I believe the people would have said: "We do want them. We are prepared to pay for them, and we recognise that this is a charge which ought to be carried on the Exchequer to be met by the taxpayer of the country as a whole," because they are not for the service of the rich, and they are not for the service of the poor; they are for the service of everyone. It does not matter whether you pay your family physician a consultant's fee of three guineas, or a consultant's fee of 10s. Once he has reached the end of his diagnostic capacity, with the equipment available to him in his consulting rooms, the same hospital facilities are available to the 10s doctor as are available to the three guinea doctor, and it is for the head of each family to determine for himself then. Why have we not tried to do that?
I do not want to go into a detailed examination of this Bill on Second Stage. I do not profess to be a specialist in public health problems. I have not had the experience of Deputy Ryan and other Deputies who have served on public health authorities, although I was a member of the Roscommon County Board of Health 35 years ago, but the world has changed so much since then. We do not build hospitals any more in fields adjoining graveyards, because the man who owned the field beside the graveyard wanted to sell his field for twice the price he would get from anyone else.
I have some experience of our local county hospital and the surgeon who operates it. I will not go into his political affiliations, although I have a pretty shrewd suspicion of what they are. Leaving that out of the question, he is a great and dedicated servant of the people. He is one of those doctors who would work 18 hours a day if he thought there were people who wanted his care. He is a great general surgeon. Of course he is something more. He is a great psychologist and he loves his patients.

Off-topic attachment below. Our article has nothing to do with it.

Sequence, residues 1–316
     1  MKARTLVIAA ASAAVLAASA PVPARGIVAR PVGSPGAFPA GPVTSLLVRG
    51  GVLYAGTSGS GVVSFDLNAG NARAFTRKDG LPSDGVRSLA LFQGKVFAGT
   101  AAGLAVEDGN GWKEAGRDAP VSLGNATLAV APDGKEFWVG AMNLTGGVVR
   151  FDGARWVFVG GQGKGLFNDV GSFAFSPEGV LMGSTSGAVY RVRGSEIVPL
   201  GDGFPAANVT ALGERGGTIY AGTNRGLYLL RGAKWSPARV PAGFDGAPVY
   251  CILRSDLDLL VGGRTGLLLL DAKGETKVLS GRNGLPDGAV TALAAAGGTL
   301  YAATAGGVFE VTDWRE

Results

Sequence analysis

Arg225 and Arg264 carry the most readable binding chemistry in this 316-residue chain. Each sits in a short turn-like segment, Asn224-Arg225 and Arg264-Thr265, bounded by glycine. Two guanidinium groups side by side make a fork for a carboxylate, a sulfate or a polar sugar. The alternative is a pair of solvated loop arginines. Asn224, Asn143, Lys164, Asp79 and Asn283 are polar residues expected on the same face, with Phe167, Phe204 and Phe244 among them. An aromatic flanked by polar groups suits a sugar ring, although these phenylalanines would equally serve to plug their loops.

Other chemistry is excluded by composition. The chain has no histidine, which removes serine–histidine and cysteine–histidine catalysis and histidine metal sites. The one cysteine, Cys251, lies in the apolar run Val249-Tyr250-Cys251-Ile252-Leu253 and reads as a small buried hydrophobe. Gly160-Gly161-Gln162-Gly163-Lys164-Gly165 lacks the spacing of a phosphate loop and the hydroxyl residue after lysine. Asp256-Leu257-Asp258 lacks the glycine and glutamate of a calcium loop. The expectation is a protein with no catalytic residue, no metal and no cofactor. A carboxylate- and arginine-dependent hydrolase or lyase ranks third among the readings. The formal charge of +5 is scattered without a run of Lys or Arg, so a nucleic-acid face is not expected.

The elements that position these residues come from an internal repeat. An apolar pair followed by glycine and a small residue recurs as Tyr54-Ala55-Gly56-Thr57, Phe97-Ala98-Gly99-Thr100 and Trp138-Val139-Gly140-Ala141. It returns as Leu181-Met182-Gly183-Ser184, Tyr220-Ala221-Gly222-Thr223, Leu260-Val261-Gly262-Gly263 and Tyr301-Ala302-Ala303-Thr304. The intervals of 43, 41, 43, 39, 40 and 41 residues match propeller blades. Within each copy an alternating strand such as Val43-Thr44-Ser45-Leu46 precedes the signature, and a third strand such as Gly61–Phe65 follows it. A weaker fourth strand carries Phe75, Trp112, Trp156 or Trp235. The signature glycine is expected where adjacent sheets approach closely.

I am prepared to concede, looking at the overall problem in the country, that the Minister is probably right in his desire to have general hospitals and regional hospitals. He is probably right in his belief that, with the progress of medical science, and laboratory techniques, and the requirements of modern equipment, it is no longer possible to maintain a multitude of small hospitals, but we should not forget in this House that 70 per cent — and I think that is a conservative figure — of all the cases going into a county hospital are eminently within the range of the competence of a general surgeon. I am sure 90 per cent of my neighbours would sooner be treated by the county surgeon near their homes and families, than by a high-powered panel of specialists in regional hospitals 60, 70 or 80 miles from home.
We have to recognise that, in effecting what we believe to be a desirable reform of regional and large general hospitals, we are taking from rural people an amenity which is very precious to them, and that is the ability to have their operation or their illness within reach of their neighbours and friends. We have to ask ourselves with great anxiety, are we completely sure about the price we are going to pay for withdrawing the hospital facilities, inadequate as they may be in some cases, from the immediate locality and will we get an adequate return in a superior service in the regional and general hospitals which it is our pur pose to create in the years that lie ahead.
We have to ask ourselves — and this is something on which I have not heard the Minister give statistics to the House — what percentage of surgical problems are presented to the county hospitals which are well within the competence of what we habitually regard as a county surgeon?